New school digs deep into the earth to keep kids cool

Its natural lighting, V-shaped hallways and loft-like design give a cutting edge vibe to the new Veterans Tribute Career and Technical Academy.

What’s also cool is what can’t be seen: a geothermal system of 180 wells 400 feet deep.

They cool the building through a closed-loop system that sends hot water to be cooled beneath the earth’s surface.

Compared to conventional air conditioning systems, the wells are like the loop that takes heat to an outside fan on top of a building or beside a house and returns it to the building at a cooler temperature.

For geothermal systems, the earth “is the sink to deposit unwanted heat,” said Paul Gerner, the associate superintendent of facilities for the Clark County School District.

“The green buzz is that you have to drill a hole into the earth, but you save on electricity forever,” said Don Dyer, the senior project manager for McCarthy Building Companies.

McCarthy Building is the general contractor on the $59.8 million construction project, which is coming in $100,000 under budget.

The costs of digging a hole are usually offset in the savings from not having to build the infrastructure for a conventional air conditioning system, Gerner said.

Water towers, roof-top air compressors and mechanical rooms, for instance, can be “downsized” with geothermal systems.

If there are no construction savings, the “worst case scenario is that the payback is two to three years,” Gerner said.

Geothermal systems reduce energy costs by 25 percent to 35 percent, Gerner said.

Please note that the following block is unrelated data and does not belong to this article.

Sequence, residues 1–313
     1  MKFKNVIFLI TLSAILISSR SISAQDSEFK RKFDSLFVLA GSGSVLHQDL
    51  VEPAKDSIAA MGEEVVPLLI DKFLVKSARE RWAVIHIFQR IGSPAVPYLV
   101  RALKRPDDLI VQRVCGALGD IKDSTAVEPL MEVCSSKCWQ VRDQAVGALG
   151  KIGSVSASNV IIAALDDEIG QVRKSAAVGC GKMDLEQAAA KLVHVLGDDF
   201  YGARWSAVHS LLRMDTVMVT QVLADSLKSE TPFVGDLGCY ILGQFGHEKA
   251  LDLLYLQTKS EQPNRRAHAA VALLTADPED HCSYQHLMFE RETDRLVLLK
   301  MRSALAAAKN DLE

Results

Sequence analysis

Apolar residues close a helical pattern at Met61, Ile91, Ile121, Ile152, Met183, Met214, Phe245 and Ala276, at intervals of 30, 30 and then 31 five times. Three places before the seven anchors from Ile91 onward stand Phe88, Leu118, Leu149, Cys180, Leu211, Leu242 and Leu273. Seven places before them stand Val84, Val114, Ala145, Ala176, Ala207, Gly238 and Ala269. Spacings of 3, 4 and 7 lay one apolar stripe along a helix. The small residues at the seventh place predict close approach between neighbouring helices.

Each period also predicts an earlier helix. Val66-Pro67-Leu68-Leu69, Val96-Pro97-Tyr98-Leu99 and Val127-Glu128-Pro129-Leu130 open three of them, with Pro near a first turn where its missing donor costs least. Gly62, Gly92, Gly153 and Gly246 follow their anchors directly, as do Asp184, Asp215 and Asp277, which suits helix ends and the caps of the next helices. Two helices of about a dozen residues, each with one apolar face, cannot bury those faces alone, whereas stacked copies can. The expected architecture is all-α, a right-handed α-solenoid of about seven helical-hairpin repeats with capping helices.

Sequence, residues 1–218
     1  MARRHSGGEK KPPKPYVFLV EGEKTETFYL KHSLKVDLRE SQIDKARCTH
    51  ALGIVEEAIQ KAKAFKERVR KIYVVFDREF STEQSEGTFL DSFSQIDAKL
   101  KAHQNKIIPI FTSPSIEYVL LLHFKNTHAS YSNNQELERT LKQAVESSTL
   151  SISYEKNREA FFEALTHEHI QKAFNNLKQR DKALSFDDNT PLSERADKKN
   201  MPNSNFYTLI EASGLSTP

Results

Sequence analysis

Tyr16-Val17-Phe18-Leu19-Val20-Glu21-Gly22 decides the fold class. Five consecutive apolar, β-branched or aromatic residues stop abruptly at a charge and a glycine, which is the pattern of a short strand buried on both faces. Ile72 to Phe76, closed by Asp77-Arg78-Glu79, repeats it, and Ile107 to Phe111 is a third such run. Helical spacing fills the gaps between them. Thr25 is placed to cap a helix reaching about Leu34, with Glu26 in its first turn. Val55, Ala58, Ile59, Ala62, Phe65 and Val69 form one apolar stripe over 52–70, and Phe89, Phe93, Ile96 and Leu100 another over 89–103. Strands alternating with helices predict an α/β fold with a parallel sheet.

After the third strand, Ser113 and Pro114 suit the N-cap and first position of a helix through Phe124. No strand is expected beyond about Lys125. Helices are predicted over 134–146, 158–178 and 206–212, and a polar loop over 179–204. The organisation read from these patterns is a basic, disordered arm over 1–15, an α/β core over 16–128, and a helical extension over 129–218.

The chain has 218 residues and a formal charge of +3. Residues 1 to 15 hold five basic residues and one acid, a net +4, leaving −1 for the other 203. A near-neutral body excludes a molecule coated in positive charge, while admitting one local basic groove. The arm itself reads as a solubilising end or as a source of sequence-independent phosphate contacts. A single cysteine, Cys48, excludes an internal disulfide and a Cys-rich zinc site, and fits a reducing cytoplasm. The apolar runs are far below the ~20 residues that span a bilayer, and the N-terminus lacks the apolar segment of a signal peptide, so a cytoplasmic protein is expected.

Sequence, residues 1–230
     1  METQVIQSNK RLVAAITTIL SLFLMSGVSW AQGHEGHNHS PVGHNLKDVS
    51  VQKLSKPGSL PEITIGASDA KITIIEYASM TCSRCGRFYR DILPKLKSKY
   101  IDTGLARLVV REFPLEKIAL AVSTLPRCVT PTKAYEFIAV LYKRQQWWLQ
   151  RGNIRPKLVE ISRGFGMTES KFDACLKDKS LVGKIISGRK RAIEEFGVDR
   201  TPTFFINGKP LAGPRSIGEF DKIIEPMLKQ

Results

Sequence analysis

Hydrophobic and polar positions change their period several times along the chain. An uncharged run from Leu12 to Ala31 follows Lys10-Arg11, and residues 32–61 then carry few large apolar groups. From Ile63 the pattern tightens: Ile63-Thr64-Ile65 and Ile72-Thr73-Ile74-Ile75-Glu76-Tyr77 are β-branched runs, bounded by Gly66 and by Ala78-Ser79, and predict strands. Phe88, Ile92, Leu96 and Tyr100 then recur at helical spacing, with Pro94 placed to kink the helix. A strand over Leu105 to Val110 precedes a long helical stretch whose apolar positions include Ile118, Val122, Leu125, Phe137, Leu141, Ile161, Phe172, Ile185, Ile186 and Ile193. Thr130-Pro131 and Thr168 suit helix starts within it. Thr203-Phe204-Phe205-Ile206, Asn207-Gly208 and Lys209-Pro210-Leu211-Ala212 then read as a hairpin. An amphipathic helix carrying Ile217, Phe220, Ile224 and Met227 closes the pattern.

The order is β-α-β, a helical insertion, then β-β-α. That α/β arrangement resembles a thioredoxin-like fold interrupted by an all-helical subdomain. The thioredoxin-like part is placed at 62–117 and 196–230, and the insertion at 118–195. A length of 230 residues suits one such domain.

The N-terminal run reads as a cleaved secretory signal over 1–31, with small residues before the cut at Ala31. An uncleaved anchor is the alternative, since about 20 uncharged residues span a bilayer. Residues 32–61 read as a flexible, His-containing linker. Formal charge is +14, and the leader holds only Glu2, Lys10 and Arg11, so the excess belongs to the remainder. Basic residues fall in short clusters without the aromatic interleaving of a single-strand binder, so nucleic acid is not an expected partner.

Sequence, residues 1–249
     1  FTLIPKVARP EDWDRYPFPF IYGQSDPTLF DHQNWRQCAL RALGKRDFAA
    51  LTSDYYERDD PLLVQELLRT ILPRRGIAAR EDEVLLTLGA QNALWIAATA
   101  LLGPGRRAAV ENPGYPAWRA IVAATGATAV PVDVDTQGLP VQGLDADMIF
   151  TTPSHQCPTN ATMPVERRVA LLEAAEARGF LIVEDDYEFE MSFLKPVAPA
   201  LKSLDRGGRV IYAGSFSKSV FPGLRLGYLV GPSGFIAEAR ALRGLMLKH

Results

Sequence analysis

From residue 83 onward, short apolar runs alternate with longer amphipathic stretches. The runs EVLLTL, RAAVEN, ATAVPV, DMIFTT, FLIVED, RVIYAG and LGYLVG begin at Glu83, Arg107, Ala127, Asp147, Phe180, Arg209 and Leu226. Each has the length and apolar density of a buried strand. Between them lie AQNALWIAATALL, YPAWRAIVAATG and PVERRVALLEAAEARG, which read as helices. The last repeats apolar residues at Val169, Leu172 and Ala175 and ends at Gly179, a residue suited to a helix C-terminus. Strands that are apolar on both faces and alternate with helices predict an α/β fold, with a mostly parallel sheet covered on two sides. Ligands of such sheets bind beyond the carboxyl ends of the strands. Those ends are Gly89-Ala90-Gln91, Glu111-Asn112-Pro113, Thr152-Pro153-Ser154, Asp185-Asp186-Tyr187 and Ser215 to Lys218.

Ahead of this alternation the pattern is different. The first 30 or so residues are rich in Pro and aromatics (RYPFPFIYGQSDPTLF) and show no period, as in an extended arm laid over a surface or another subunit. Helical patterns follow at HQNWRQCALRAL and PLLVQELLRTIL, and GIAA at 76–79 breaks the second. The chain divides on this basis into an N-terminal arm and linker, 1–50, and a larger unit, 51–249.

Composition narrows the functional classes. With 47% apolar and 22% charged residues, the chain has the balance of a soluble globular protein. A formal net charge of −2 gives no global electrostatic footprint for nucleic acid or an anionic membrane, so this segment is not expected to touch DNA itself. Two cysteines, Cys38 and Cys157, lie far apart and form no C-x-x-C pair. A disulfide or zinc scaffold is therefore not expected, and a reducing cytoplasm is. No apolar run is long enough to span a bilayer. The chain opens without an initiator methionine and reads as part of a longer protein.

At a high school, they reduce the amount of water needed for air conditioning by 500,000 to 700,000 gallons a year.

The systems are expected to last 100 years. So, while the school building will have to be replaced in 50 years, the replacement school can simply be re-attached to the old geothermal system, he said.

The Northwest Career and Technical Academy, on Vegas Drive, just east of Martin Luther King Boulevard, was the first school to be built with a geothermal thermal system in 2005.

A total of seven schools will have them once construction is complete.

The other schools are Burkholder Middle School; East Career and Technical Academy; Virtual High School, which is part of the new Vegas PBS complex; Southwest Career and Technical Academy, and West Career and Technical Academy, which will open in August 2010.

Schools are selected for geothermal systems based on soil conditions.

Plans for West Academy had to be modified because of hard earth underneath the school, Gerner said.

Like Veterans Tribute, Southwest Academy is one of seven new schools to open on Aug. 24, the beginning of the school year.

Both schools share the same building prototype, because they were designed by the Pugsley, Simpson and Coulter architectural firm of Las Vegas.

Their similarities end there.

Southwest, which is near Windmill Lane and South Rainbow Boulevard, has a different vocational program with diverse classes like interior design, nursing, dental assisting and video game technology.

While Southwest has a more eclectic program, Veterans Tribute focuses on vocational training for public service, such as law enforcement, 911 dispatch, emergency medical technicians and forensics. It even has a crime scene lab, said Susan Thornton, the assistant principal.

As part of the curriculum, Veterans Tribute students will be required to take four years of physical education and Spanish.

There is an outdoor obstacle course, but there’s no gun range for the budding police officers.

School district policy forbids “live weapons” on campus.


Contact reporter James Haug at or 702-374-7917.

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